What’s missing from all of these efforts by mainstream culture to address the issue of suicide is any capacity to grapple with the ambivalence of life in this society. What I mean by this is the recognition that life does not automatically provide us with a reason to carry on, that the world is not waiting to shower us with pleasures if only we would embrace it. Uncertainty and vulnerability are fundamental to the human condition, and thus too are anxiety, despair, and pain. The possibility of boredom is proof enough that mere experience is insufficient. If we find a reason to persist with life, a possibility for enjoyment, it is the result of a process of struggle, an active creation – the product of an act of will, or perhaps faith, not of reason. There is always the possibility of hope, perhaps, but it is pure fantasy to suggest that it is always immediately available to us in all circumstances.

In my experience, a good psychotherapist understands this, and is willing to engage with the validity of negativity. But as a culture we do not permit such things to be expressed and acknowledged. Instead all we can muster is the absurd moralising insistence that life is always worth living – an axiom that cannot be questioned – and the corollary pathologisation of the real lived experience of those who feel otherwise. Perhaps it is because existential questions are painful that such things are confined to the therapeutic situation and the backrooms of philosophy departments. Perhaps it is because those of us who are “healthy” recognise on some level the precariousness of that position. I don’t know. But I do know that socially-enforced positivity, the social ethic that commands that life must be enjoyed, consigns the reality of negativity to a grim and dangerous silence.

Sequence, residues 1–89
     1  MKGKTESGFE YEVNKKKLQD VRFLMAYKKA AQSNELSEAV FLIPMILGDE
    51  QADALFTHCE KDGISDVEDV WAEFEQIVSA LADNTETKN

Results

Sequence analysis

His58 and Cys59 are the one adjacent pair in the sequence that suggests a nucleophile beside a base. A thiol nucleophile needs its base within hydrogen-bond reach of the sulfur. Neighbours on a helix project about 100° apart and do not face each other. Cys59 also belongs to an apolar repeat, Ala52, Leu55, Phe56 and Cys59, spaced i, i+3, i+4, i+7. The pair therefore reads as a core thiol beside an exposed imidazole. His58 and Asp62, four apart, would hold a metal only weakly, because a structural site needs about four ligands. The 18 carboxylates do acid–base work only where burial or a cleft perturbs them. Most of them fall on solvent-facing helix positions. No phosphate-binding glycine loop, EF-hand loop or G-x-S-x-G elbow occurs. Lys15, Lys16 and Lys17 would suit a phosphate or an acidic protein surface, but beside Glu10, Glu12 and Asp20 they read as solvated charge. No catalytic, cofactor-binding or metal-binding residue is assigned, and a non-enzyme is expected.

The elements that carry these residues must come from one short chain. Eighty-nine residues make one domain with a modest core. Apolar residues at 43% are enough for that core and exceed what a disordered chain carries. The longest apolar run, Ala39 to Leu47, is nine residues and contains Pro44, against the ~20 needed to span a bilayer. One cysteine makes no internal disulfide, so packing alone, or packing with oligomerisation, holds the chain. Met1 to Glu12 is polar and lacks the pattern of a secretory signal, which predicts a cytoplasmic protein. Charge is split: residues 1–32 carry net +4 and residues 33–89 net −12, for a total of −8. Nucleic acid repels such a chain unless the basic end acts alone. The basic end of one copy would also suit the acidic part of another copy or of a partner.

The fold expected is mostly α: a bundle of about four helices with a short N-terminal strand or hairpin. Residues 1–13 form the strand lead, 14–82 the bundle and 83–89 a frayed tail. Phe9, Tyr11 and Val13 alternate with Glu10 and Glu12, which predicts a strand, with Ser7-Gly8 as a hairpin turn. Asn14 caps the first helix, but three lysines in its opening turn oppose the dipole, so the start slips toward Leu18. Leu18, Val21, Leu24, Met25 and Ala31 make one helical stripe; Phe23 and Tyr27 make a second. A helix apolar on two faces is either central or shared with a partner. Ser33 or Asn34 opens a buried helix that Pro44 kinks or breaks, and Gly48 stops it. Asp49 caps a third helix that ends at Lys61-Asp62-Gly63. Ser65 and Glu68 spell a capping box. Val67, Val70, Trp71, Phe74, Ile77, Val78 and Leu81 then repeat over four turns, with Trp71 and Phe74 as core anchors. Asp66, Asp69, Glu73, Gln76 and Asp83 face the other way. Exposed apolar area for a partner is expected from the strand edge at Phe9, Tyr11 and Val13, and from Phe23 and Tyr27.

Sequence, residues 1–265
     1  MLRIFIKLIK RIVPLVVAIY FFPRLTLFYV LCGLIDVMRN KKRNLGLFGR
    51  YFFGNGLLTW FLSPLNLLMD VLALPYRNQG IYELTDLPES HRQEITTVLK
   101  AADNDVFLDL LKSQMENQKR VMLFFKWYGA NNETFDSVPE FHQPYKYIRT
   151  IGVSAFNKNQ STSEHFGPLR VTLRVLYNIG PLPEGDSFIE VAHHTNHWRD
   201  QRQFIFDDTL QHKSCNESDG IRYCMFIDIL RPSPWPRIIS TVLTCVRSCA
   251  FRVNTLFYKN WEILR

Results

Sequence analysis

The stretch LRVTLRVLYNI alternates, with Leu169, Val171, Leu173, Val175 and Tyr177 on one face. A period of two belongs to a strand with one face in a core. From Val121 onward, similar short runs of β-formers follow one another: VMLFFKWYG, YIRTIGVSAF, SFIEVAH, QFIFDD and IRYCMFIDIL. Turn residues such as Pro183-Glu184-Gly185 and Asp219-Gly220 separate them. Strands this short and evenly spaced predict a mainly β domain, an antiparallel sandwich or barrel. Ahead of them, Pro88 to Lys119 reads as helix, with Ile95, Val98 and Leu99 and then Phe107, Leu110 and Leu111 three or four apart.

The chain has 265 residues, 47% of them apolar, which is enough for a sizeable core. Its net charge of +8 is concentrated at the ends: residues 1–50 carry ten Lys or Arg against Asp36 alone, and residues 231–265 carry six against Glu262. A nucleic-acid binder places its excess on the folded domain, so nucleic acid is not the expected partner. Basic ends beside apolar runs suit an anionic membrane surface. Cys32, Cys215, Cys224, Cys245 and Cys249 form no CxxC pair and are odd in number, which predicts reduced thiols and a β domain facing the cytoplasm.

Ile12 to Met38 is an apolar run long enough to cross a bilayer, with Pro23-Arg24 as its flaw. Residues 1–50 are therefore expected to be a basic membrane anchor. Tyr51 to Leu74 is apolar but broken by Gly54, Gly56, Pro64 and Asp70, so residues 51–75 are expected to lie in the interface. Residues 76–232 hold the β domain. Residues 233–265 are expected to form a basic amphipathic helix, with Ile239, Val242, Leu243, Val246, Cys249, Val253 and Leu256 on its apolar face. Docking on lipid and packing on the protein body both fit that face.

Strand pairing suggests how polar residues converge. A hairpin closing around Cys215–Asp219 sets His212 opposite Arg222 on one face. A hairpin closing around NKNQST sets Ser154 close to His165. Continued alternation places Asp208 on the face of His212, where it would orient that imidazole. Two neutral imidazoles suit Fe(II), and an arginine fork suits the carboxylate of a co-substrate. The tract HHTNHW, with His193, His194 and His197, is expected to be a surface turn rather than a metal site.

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What does the reality of anxiety, depression, suicide, say about society? According to the dominant medical discourse, nothing at all. Healthy people are healthy, sick people are sick and need to be made healthy. There are only individuals and their problems. It would of course be obscene for me to try and suggest that all mental illness is political in origin or meaning – moreover, I don’t believe it – but it is, I think, equally obscene to treat mental illness as if it were merely an individual dysfunction with no social component. (This is of course not to deny the biological/clinical reality of mental illness, merely to question the compulsory individualisation of their causation.) There are political reasons why we experience anxiety and despair. There are political reasons why mass culture permits only the celebration of the often miserable conditions of our existence, and why the permitted conversation on these matters has all the depth and nuance of a playschool mural. Precarious work, unemployment, poverty, homelessness, drug addiction, social isolation, the fear of one-another, the patriarchal system which poisons our most intimate connections and alienates us from our closest companions: these are social diseases which can only be tackled politically. There are limits to the powers of medical practioners. We should demand more from life than coping strategies and medications, and that requires that we implicate the society in which there is so much unhappiness, and not just our selves which are unhappy – that we reject the repressively depoliticised official discourse on mental health, and dare to think about the kind of world in which life might be worth living.